Saturday, February 20, 2016

GAO Chides TSA for Failure to Place Bomb Dogs at Airport Checkpoints

A report of the Government Accountability Office published February 17, 2016, summarizes recommendations the GAO has made since 2003 concerning the Transportation Security Administration's security-related technology acquisitions (GAO-16-276).  The GAO report contains the following chart, which indicates that TSA has failed to implement a total of seven GAO recommendations, two from 2004, one from 2012, one from 2013, and three from 2014.  
GAO Recommendations on TSA Acquisitions 2003-2015

Most of the unimplemented recommendations have nothing to do with dogs, but two that were made in 2013 concerned explosive detection dogs for passenger screening.  One recommendation was that TSA should determine the effectiveness of dogs in passenger screening.  The GAO had stated in two prior reports (GAO-13-239 and GAO-14-695T) that passenger screening canines sometimes misidentified which individuals were actually carrying explosives at airports.  This was discussed in several prior blogs (February 18, 2013; January 22, 2015) and the GAO even released a video clip (scroll down in blog of January 22, 2015) of one of its tests showing a dog passing by a decoy carrying an explosive odor and alerting to an innocent passenger walking through a terminal.  Despite this obvious problem, the GAO now says that TSA has appropriately determined the effectiveness of TSA-deployed canines.  It would be useful for the public's peace of mind to know what changed in the last few years to lead the GAO to place its stamp of approval on TSA canines, but we may have to wait a long time for any significant information about this.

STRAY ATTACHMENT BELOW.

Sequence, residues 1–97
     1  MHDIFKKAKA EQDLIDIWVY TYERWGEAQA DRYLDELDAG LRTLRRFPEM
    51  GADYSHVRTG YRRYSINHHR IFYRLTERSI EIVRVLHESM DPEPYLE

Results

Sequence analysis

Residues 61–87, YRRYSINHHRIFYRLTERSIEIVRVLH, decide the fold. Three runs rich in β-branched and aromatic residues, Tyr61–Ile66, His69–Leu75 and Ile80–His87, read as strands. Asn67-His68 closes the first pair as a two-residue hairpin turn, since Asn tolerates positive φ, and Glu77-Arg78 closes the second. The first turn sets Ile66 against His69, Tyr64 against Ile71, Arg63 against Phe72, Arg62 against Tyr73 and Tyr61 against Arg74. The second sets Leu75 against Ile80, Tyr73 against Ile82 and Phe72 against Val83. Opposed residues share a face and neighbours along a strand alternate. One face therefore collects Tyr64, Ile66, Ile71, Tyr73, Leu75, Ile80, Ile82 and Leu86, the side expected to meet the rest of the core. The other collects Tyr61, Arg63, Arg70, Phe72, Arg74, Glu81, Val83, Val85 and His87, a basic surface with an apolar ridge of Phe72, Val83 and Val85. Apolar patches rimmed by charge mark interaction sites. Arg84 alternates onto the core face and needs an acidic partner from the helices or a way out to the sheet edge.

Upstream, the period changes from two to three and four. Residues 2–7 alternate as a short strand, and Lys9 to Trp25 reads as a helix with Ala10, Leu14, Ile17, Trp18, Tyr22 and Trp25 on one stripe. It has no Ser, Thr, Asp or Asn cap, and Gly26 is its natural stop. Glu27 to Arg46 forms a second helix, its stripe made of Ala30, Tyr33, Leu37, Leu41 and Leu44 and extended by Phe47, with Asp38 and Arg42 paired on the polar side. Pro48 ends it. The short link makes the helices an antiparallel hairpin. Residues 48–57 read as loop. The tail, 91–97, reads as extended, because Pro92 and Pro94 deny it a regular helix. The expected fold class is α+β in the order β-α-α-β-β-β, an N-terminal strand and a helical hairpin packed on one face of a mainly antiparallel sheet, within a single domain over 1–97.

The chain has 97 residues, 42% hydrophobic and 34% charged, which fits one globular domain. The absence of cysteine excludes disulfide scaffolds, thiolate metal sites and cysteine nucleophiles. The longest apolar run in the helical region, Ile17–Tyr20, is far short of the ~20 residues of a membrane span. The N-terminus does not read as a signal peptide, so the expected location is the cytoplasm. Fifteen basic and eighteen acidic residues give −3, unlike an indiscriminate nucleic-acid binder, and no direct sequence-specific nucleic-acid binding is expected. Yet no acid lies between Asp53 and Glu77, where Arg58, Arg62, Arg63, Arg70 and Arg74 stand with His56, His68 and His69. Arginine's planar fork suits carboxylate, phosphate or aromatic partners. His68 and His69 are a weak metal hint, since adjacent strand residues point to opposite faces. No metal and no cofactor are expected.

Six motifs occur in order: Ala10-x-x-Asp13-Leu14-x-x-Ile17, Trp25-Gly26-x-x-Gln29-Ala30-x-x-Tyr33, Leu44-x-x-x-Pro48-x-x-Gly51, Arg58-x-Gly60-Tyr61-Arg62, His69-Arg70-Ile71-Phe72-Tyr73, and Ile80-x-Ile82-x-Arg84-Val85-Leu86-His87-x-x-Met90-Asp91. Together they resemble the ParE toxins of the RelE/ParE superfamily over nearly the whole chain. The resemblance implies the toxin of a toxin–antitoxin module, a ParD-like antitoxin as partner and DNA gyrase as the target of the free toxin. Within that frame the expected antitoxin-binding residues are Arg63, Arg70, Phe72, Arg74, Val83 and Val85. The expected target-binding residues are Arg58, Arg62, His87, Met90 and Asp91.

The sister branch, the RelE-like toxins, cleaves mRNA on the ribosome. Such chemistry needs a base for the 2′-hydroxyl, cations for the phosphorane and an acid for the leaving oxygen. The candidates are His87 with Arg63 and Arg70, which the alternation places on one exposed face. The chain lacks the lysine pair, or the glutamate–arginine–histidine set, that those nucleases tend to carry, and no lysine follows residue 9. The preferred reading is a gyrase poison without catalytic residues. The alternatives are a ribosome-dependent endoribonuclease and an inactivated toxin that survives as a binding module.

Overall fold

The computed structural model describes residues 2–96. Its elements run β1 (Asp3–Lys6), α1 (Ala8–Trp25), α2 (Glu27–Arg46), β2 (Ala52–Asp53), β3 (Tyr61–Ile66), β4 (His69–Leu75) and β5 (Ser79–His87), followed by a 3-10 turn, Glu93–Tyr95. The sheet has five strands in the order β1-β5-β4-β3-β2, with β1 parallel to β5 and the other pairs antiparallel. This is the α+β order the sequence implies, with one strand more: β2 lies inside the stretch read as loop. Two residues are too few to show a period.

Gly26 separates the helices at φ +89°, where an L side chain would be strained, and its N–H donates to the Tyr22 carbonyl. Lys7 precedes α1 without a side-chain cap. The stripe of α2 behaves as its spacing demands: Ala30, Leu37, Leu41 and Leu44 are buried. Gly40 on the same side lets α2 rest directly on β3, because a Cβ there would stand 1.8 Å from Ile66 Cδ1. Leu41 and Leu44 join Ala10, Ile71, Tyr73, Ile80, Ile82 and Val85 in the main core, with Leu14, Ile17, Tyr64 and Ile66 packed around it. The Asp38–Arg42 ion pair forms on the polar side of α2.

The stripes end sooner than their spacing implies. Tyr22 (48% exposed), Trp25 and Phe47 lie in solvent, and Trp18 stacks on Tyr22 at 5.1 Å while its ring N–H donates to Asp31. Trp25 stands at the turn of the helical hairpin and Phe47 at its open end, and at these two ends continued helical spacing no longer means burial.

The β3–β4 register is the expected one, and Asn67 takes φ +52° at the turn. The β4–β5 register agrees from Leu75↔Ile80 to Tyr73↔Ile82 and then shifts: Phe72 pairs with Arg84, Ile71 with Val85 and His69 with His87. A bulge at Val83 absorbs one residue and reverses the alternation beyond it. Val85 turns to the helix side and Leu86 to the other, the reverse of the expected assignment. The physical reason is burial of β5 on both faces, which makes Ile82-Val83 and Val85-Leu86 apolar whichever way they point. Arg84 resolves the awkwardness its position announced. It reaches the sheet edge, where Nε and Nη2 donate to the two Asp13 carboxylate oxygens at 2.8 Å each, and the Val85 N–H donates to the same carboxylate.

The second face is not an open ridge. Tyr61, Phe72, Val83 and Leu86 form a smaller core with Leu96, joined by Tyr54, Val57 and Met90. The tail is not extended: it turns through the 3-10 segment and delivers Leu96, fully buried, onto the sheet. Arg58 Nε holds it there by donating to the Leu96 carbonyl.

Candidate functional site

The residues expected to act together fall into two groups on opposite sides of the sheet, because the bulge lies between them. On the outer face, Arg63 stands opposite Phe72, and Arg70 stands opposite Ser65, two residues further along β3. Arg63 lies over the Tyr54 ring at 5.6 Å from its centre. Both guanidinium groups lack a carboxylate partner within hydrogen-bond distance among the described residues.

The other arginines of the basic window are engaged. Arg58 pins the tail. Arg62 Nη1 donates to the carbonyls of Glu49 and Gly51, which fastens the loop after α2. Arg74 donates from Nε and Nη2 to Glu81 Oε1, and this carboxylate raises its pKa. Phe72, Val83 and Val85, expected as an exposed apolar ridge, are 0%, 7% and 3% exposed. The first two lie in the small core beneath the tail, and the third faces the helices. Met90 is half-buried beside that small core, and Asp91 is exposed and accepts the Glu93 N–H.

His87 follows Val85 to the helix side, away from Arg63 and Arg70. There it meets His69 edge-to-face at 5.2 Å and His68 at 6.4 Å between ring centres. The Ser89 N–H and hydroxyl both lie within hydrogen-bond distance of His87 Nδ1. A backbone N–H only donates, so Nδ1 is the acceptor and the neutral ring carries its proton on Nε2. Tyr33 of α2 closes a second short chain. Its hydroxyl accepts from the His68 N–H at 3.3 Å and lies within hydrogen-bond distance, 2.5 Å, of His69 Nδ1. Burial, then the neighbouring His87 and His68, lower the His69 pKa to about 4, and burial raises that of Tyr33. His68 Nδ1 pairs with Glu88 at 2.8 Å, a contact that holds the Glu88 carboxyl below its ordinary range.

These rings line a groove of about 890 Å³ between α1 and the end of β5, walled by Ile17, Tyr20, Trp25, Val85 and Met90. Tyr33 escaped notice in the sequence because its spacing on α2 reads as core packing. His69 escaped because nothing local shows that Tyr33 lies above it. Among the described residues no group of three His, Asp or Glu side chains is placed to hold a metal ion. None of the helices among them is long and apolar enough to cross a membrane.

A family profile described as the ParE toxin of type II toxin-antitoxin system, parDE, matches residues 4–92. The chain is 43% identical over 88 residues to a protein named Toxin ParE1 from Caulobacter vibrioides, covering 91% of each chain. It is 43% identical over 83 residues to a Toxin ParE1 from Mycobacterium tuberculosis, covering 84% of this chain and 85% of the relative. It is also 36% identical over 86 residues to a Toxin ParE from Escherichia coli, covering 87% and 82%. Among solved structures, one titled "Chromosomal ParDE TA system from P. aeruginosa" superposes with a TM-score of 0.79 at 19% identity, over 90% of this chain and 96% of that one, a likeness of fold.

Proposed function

The other recommendation that was made in 2013, but which has not been fully implemented according to the GAO, concerns the location of passenger-screening canines throughout airports.  The 2013 report had much to say about this, but the 2016 report only indicates that passenger-screening dogs are not being used at checkpoints. Again, the current report provides little detail on the present level of this deficiency.  If TSA is resisting the idea of deploying dogs at checkpoints, this may have more to do with concerns that clogged checkpoints would become even more clogged with dogs present.  A highly publicized letter from Miguel Southwell, General Manager of the Hartsfield-Jackson Atlanta International Airport to Peter Neffenger, TSA Administrator, states that if TSA cannot speed up checkpoint screening, the Atlanta airport may replace TSA screeners with private contractors.  How this might affect canine operations throughout the airport is not clear, but TSA may not want to signal at this time that it will add more steps to the checkpoint process.  Rather than re-analyzing the issues regarding TSA canine deployments with such little information to go on, I have chosen to add a brief discussion to the Update Notes in the prior blog posted February 18, 2013